A geospatial package to support skeletonization

# Numgeo, a geospatial package

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Numgeo is a package of Python modules that, at present, primarily supports skeletonization.

In simple terms, the skeleton of a polygon collapses an elongate polygon to a linear form. For example, the outline of a river is a polygon (with a nonzero area). However, we often think of a river in terms of its skeleton, such as when a river is drawn as one or more squiggly lines on a map. Even though those lines do not represent the river's width, they still capture a useful expression of the river's geometry.

## The Algorithm, in brief

The algorithm builds on a long history of work by others. It also has a lot of moving parts, but these are the highlights:

1. Sample points along the boundary of an input polygon, including around any holes.
2. Compute a Voronoi diagram. (https://en.wikipedia.org/wiki/Voronoi_diagram)
3. Isolate the "graph skeleton" from the other extraneous bits in the Voronoi diagram (which together make up the graph skeleton's "complement"). For example, each hole in polygon has its own skeleton that should be discarded.
4. "Partition out" paths from the graph skeleton to incrementally construct the "partitioned skeleton".
• This is a bit like moving Lego blocks (segments) from one toy box (skeleton) to another, stacking some of them together during the transfer (to form continuous paths of many segments).
5. Optionally add "tails" to the paths so that they extend to polygon's boundary rather than stopping short.
6. Optionally prune away undesired paths to simplify the skeleton and remove noise.
• This is accomplished using the normalized length metric.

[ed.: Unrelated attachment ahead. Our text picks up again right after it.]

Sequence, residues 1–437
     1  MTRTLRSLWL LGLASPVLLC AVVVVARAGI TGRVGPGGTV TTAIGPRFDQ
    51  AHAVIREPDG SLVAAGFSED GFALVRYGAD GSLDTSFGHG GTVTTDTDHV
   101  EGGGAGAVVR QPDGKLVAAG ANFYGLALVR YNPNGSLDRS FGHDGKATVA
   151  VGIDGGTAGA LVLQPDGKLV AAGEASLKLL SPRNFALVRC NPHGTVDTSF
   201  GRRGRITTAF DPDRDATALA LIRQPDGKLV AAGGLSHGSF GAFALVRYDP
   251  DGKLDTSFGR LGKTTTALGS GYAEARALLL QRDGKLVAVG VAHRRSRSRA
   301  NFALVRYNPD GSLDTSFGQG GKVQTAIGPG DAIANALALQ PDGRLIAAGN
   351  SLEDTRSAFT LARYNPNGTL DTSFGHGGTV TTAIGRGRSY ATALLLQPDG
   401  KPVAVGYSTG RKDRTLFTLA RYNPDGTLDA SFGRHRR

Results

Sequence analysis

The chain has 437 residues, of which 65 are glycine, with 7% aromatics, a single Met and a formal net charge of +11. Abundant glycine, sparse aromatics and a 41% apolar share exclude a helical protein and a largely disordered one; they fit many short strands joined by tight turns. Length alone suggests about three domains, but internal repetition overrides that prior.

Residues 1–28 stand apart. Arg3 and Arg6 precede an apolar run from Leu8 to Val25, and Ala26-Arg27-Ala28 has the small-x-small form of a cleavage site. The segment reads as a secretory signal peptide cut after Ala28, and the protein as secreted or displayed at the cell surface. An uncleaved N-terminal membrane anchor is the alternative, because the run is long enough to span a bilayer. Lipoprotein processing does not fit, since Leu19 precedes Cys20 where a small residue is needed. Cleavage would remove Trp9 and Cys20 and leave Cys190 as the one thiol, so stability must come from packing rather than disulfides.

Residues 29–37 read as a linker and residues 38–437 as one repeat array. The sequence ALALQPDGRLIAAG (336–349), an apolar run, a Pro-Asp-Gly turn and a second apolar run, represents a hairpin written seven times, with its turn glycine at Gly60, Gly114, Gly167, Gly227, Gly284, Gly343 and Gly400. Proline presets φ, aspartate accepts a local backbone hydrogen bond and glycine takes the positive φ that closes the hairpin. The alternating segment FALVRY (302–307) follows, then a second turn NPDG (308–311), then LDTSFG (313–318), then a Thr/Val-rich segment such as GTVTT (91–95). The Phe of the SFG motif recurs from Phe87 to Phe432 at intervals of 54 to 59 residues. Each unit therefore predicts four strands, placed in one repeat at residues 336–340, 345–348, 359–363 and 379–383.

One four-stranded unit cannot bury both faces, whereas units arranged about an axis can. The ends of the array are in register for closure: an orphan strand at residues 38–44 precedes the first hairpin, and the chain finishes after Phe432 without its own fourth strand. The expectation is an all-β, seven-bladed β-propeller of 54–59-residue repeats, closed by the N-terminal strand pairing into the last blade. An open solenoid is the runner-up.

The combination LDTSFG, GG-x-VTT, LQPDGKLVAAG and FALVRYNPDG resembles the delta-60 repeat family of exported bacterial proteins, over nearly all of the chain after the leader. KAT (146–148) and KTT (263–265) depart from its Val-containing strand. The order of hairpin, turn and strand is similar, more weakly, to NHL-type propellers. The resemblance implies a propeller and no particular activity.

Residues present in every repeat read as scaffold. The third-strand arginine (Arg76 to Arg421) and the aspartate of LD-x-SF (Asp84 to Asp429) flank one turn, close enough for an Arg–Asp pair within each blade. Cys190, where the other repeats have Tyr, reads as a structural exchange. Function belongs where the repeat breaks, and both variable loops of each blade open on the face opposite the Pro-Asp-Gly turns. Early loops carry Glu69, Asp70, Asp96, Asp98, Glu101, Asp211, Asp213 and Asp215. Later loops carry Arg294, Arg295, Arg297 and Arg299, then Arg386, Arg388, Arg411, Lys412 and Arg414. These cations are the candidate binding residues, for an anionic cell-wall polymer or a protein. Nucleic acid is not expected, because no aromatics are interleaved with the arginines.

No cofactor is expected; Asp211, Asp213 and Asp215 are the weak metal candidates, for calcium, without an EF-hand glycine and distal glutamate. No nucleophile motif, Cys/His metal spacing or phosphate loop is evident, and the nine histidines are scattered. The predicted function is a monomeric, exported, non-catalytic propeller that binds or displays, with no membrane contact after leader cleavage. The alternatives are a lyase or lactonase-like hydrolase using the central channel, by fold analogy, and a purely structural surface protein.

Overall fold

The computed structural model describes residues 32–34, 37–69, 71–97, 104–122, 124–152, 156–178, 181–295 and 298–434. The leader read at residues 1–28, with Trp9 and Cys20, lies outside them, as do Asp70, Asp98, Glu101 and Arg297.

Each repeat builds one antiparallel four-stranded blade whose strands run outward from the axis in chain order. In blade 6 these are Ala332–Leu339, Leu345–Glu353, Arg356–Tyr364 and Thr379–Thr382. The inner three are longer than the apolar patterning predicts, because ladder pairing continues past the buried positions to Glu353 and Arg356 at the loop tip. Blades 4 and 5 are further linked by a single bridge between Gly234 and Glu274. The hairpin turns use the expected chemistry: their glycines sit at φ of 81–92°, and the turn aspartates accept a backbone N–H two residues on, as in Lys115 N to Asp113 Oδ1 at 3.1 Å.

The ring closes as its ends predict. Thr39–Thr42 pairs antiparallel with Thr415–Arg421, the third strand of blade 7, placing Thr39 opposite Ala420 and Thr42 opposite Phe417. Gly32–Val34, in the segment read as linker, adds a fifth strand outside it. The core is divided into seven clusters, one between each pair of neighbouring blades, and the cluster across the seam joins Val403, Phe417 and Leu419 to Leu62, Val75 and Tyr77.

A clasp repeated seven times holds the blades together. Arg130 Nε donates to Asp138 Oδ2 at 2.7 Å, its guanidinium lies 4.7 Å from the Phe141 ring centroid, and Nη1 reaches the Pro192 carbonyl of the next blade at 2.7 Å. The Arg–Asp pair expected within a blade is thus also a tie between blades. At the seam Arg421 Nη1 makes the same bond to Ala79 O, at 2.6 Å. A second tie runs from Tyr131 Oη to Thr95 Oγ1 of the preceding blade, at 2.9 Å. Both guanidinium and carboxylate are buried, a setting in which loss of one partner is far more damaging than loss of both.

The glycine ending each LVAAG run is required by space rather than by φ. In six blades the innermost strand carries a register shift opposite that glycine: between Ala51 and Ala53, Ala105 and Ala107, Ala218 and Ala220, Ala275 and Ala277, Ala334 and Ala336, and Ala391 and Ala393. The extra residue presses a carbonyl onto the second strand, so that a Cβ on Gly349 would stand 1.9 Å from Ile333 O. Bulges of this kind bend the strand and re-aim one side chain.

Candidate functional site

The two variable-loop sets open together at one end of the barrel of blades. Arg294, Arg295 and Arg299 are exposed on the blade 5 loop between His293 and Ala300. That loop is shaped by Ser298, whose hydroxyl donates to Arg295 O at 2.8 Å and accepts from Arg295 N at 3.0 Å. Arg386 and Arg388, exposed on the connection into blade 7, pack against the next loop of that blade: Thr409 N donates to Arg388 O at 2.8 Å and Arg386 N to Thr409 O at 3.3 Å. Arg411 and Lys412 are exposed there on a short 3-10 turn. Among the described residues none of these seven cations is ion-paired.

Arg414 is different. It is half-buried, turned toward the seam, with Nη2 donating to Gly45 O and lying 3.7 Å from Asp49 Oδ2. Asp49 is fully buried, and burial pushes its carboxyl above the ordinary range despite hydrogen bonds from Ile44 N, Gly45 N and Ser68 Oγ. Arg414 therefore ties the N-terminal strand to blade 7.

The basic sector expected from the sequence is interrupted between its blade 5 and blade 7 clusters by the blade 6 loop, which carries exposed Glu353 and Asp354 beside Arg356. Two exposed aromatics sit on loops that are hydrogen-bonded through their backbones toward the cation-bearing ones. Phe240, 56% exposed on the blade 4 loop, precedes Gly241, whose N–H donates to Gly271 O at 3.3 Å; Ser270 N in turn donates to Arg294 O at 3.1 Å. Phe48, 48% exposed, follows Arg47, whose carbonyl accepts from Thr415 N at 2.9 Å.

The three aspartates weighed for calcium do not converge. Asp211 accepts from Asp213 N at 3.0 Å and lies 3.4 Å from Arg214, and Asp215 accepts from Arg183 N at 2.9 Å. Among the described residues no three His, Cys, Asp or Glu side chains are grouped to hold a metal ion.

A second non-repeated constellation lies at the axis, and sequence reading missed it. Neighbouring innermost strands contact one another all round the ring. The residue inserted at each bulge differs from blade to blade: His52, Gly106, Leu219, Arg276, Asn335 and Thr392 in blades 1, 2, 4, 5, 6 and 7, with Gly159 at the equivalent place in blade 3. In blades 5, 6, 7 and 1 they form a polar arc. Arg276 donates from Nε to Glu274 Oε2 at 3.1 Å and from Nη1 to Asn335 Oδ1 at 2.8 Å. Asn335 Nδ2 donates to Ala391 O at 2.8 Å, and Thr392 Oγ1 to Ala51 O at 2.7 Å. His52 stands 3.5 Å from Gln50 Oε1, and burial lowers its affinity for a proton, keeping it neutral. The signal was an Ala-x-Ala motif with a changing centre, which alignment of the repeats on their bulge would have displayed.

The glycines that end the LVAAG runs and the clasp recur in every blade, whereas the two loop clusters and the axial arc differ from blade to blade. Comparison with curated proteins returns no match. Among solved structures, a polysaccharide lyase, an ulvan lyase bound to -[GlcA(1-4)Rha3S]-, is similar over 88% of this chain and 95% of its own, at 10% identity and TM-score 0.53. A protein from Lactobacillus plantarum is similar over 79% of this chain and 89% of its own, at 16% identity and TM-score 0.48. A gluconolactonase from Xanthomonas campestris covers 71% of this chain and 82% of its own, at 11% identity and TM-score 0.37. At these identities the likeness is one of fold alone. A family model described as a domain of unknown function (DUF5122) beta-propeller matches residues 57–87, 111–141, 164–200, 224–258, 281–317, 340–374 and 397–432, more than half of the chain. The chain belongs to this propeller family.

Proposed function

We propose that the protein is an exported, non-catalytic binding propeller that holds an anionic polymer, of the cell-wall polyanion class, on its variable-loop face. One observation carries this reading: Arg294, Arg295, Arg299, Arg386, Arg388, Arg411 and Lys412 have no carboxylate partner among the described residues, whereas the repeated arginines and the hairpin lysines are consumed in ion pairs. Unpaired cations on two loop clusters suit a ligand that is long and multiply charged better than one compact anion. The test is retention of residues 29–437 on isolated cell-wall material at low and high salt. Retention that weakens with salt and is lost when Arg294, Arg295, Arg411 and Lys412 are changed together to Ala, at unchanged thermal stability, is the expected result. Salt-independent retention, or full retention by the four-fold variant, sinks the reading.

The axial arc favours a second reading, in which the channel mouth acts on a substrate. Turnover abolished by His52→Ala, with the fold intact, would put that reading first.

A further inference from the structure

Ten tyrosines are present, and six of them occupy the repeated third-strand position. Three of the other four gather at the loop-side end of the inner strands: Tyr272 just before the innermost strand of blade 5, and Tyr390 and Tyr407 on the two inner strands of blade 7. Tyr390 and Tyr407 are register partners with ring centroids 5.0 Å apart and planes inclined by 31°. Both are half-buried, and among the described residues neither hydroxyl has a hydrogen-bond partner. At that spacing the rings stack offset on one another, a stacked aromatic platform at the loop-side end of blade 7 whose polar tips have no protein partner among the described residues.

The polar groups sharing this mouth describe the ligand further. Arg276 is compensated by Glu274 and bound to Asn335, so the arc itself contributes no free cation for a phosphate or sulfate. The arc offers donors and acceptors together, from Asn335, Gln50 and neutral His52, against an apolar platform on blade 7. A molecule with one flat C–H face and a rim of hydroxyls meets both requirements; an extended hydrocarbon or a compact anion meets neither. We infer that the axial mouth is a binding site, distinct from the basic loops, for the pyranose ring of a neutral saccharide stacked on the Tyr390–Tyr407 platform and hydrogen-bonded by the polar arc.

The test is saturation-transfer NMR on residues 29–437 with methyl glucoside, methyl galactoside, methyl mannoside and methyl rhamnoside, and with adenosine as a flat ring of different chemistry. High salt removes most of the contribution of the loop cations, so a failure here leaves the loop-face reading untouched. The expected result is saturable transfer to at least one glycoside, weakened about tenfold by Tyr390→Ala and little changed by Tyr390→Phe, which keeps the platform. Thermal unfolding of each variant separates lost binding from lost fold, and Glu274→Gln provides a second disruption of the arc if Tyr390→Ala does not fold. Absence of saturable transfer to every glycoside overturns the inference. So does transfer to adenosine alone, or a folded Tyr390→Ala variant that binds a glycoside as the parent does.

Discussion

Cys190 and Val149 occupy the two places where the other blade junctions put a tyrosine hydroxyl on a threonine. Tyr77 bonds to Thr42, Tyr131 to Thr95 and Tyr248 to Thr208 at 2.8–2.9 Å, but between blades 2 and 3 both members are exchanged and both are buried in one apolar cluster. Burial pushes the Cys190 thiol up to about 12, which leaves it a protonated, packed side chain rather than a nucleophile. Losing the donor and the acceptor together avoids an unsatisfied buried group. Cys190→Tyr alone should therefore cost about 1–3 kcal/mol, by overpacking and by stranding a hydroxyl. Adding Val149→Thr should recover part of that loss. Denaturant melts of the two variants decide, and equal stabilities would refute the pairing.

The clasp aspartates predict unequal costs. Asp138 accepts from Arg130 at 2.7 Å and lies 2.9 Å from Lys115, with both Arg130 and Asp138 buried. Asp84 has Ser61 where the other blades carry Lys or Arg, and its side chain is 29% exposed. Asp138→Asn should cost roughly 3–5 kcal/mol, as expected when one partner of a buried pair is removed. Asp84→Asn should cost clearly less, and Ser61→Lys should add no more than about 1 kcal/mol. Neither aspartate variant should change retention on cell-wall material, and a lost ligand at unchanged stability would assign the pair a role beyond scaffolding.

## Quick start

If you're keen to get started, consider the following code (but don't run it just yet!):

```from numgeo.scripts.skel import process
process(r"path/to/polygon_shapefile.shp", interval=0.1, min_normalized_length=0.)
```

`interval`, in effect, specifies the desired resolution of the output skeleton, in map units (e.g., meters). If the narrowest constriction in your input polygons is x map units, you should specify `interval` <0.5x.

`min_normalized_length`, in effect, specifies how simple you want the output skeleton to be, with higher values corresponding to greater simplicity. Any value less than 1. results in no simplification, so the "raw" skeleton itself is output, which may have a lot of unwanted bits.

Therefore, if you were to run the example code, you'd derive a "raw" skeleton at a resolution of 0.1 m (if your map unit is one meter). Because you did not specify an output path, the skeleton would default to path/to/polygon_shapefile_skel.shp.

#### Quick tips:

1. It is highly recommended that you read the documentation on Installation before installing numgeo.
2. Processing time and memory use both increase exponentially with progressively smaller `interval` values, so be careful when choosing a value.
3. You might consider calling `process(...)` a few times, each time with different `interval` and `min_normalized_length` values, to build an intuition for how these arguments affect the output skeleton.
• In that case, you can specify `out_path_prefix` to avoid overwriting previous outputs. For example, `out_path_prefix="A_"` would output to path/to/A_polygon_shapefile_skel.shp.

## Project details

This version 0.0.1a0 pre-release